Tweet on Travel?

21 04 2009

I like to think of myself as rather up on the latest technologies, though I know this is a total fallacy. In fact, though I consider myself “hip to tech,” I instead tend to be nearly the opposite. I don’t have an iPhone (my phone, at that, is a piddly, very old model, my iPod even older), it took me forever to start blogging, though I am on Facebook, I’m rather resistant (have never written a status update, don’t search for people I know there…) and the list goes on. Meaning that basically my tech savvy lies in knowing HTML and using the internet for all things efficient.

Which is why I have yet to join the ranks of the latest technology, which seems to me far from efficient. Yes, I have a Twitter account. I actually signed up long ago, before it was as huge as it is now, which places me on the forefront of the Twitter revolution, right? Wrong, if you consider that I have not tweeted a single thing in the months I’ve been signed up. I do, however, have 25 followers, and counting, none of whom know (at least not from Twitter) when I’m enjoying the sunshine, or in a contemplative mood or, for that matter, filing my nails.

Which brings me to Twitter and travel. The Twitter-obsessed, it seems, Tweet all the time, everywhere. While I recognize that Twitter is fun and that there is definitely value to certain updates, for the most part I feel it also has the tendency of making the mundane ubiquitous, and of being a total time suck.

The other day, when I saw a BootsnAll article about Twitter while traveling, I was intrigued. The article responds to a World Hum advice column piece by Rolf Potts, who answered the question, “Should I update friends and family by Tweeting while traveling?” with a decisive “no,” which was, predictably, followed up by countless responses, comments on Rolf’s own piece. World Hum then placated those tweeting travelers with a response giving tips from travelers who do like to Tweet. The BootsnAll article I came across that dragged me into this fray was essentially ad “live and let live” response to all the responses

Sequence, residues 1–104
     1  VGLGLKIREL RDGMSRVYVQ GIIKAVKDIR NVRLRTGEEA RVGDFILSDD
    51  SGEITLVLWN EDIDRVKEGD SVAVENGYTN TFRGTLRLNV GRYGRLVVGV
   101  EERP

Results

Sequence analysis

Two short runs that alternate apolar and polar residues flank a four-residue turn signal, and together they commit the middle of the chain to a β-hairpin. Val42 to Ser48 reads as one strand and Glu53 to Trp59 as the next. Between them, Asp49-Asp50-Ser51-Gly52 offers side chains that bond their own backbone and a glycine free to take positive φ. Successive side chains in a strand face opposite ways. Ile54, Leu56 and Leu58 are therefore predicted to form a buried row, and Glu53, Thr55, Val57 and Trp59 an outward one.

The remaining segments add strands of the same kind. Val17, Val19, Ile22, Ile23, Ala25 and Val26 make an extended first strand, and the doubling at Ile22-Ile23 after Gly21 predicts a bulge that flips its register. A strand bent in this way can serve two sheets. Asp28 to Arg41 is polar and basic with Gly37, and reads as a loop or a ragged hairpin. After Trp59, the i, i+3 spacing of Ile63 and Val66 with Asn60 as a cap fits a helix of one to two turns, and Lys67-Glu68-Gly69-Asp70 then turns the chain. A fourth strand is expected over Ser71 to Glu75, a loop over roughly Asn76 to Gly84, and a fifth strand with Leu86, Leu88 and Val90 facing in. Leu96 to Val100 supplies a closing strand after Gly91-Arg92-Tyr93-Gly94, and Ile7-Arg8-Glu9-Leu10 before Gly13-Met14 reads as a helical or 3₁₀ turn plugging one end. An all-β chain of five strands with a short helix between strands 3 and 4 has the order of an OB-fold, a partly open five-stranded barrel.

I find the whole thing rather fascinating. First, there’s this main, overarching point of technology itself, since here is all this online discussion of the decision to “online discuss.” And here I am adding yet another voice to it all. In some senses, it is heartening, a sense of community in a way. Even though the opinions on the subject differ, it makes for interesting reading and interesting conversation on a topic that is, well, topical right now. It’s yet another means of making opinions and information ubiquitous.

As for the whole, Tweet during travel debate, though, I think I have to agree with Potts. While I do enjoy blogging while traveling, which some might argue is the same thing, I feel like there is a difference. A blog is like a mass communication, like sending a semi-descriptive missive to all those at home who want to know what’s happening with me and what sorts of adventures (or misadventures) I’m experiencing. While in theory Twitter does the same, there isn’t much one can convey in one line of text, so I’d guess it takes away from the experience without adding to much to those not experiencing, while a blog or an email is a way to relive certain aspects of the trip, almost a form of public journaling. And, since Tweeting is more immediate and shorter, I’d guess there is the risk of doing it more often, which means attention is focused on Tweeting about the experience rather than actually experiencing it (while with a blog or email, that time is explicitly focused on said task and on recalling, an experience, rather than relating it while it happens). Potts also mentions my favorite form of communication while traveling: the oft-overlooked postcard, the original travel communication and a memory in itself, which merits its own later post.

Ultimately, I agree that Ms. Spiegel of BootsnAll has a point: there are, in fact, all kinds, and what’s right for me isn’t going to be right for the next person. I travel far differently than my sister does. Likewise, she has 300+ Facebook friends while I have barely 70. It all comes down to what you like and what you do. But for me, I’d go with Potts and advise all those Tweeters out there to strongly consider resting their fingers over the course of their travels to fully immerse themselves into the experience, without the cocern of sending minute by minute updates home. Not that they asked me in the first place…

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